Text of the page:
At the Hazy Moon, we maintain the form of practice given to us by Maezumi Roshi, which combines aspects of Soto and Rinzai Zen as well as traditional Buddhist observances. One’s personal commitment to practice may be expressed in such milestones as Jukai, or precept-taking; Tokudo, which is ordination as a priest; and Shuso Hossen, the ceremony culminating one’s service as Head Trainee or Head Priest during an Ango training period.
Services introduce the aspect of ritual into our practice. Specifically, a “service” consists of a chant, performed in front of the altar, to transmit the energy, intention and benefit of our practice into the world we inhabit. In one way, rituals are an external expression of our inner state. At the same time, we strengthen and reinforce our inner state by the external chant. The service brings together what we think of as “inside” and “outside” into a unified whole.
Fusatsu is the ceremony of atonement in the Zen tradition. In doing Fusatsu, we acknowledge the suffering caused by our own ignorant view of ourselves as separate from the world we inhabit. In this video, students at the Hazy Moon Zen Center share appreciation for Fusatsu and the role it plays in their practice.
Meditation retreats help us learn to approach everyday life in a more mindful way. Oryoki, or mindful eating practice, is one of the most practical elements of a traditional Zen retreat–though for newcomers, the ritual of oryoki can often seem intimidating. In this video, a student at the Hazy Moon Zen Center shares his appreciation for oryoki and its place in the daily flow of events during a retreat.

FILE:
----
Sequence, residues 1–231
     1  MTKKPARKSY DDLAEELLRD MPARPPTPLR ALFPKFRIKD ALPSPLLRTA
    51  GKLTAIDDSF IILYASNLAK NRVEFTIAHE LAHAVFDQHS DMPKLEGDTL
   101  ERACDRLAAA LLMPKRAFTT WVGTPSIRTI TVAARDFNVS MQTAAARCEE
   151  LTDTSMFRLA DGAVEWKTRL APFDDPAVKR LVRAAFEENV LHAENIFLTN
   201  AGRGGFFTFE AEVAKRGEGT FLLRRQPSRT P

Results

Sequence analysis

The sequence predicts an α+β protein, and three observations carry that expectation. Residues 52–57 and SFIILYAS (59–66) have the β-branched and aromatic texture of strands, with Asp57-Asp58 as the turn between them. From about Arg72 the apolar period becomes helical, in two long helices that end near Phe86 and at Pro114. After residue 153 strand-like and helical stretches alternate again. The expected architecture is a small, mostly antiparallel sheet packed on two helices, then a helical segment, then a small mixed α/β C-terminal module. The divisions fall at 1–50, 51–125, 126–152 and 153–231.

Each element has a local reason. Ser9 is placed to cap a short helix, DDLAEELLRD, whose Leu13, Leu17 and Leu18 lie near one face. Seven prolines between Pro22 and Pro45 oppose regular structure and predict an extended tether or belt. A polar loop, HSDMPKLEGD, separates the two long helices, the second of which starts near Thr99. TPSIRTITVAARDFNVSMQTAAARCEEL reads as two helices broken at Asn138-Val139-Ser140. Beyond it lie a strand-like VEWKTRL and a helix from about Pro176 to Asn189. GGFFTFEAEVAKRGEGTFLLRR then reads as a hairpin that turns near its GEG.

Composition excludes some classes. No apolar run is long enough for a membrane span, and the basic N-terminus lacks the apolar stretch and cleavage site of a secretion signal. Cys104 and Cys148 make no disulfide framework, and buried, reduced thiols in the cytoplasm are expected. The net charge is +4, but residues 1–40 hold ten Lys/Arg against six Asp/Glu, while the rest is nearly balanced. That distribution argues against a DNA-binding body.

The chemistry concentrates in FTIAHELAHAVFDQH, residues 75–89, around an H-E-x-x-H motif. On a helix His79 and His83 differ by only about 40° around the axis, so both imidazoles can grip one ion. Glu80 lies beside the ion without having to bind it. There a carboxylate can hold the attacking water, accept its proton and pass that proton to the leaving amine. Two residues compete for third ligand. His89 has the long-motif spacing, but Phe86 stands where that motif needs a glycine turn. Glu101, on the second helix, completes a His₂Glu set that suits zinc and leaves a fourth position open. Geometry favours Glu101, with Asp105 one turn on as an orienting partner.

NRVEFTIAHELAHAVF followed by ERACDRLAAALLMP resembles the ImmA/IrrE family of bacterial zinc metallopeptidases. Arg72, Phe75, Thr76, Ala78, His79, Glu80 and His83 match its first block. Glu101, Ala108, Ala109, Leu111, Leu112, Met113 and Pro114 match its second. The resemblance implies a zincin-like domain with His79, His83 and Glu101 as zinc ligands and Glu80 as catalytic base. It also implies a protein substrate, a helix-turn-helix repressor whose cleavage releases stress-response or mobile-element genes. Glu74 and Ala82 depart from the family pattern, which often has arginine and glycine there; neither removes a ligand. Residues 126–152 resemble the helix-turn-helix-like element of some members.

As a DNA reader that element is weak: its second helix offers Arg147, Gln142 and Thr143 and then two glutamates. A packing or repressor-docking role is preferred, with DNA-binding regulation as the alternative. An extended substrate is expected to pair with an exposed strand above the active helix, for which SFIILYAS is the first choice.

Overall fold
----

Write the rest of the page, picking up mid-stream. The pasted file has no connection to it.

Learn the basics of Zen meditation in less than five minutes. Clear, step-by-step meditation instruction, as practiced at the Hazy Moon.
The tradition of Ango (which means “peaceful dwelling” in Japanese) began with the original Buddhist sangha that formed around Shakyamuni in the early years of his teaching in northern India.
Hazy Moon Priest Laurie Kyoji Anderson’s love of animals and deep respect for ceremony gave birth to our annual Pet Blessing a decade ago. Some Sangha members bring their pets to the outdoor event while others bring photos to place on the altar. By offering chants, incense and flowers, and by reciting the names of our pets, we are acting on their behalf to liberate them from suffering and bring them to great joy.
We observe the traditional Zen ceremony of Hanamatsuri, or flower festival, to commemorate the birth of Shakyamuni Buddha on April 8. Born standing up, he took seven steps, raised his right hand and declared, “Above the heavens, below the earth, I alone am the World Honored One.” By the action of offering flowers and bathing […]
Hanamatsuri is our annual commemoration of Shakyamuni Buddha’s birth. The name literally means festival of the flowers. We mark the occasion by creating an altar of fresh flowers and holding a special service…
Parinirvana Day commemorates the death of Shakyamuni Buddha and his entry into Nirvana… With Parinirvana Day, we commemorate the Buddha’s manifestation, give thanks for the teaching that has come to us and express our gratitude for the Dharma.
To close out the old and ring in the new, the sangha gathered at the culmination of our Year-End Sesshin for the New Year’s Eve ceremony of revolving the sutras, which has been enacted for generations in our lineage. Hosso Sensei officiated at the service, demonstrating the inherent power and benefaction of the eternal now, […]
When we receive the precepts we are not given something that exists outside ourselves. To truly receive the precepts is to realize your true nature, revealing your life as the very body, form, and functioning of the enlightened state. — Maezumi Roshi
Obon is a traditional Japanese Buddhist observance which allows families to honor and feel closer to their loved ones who have died. It’s a time for sharing memories, prayers, rituals of food and drink, nourishment and generosity.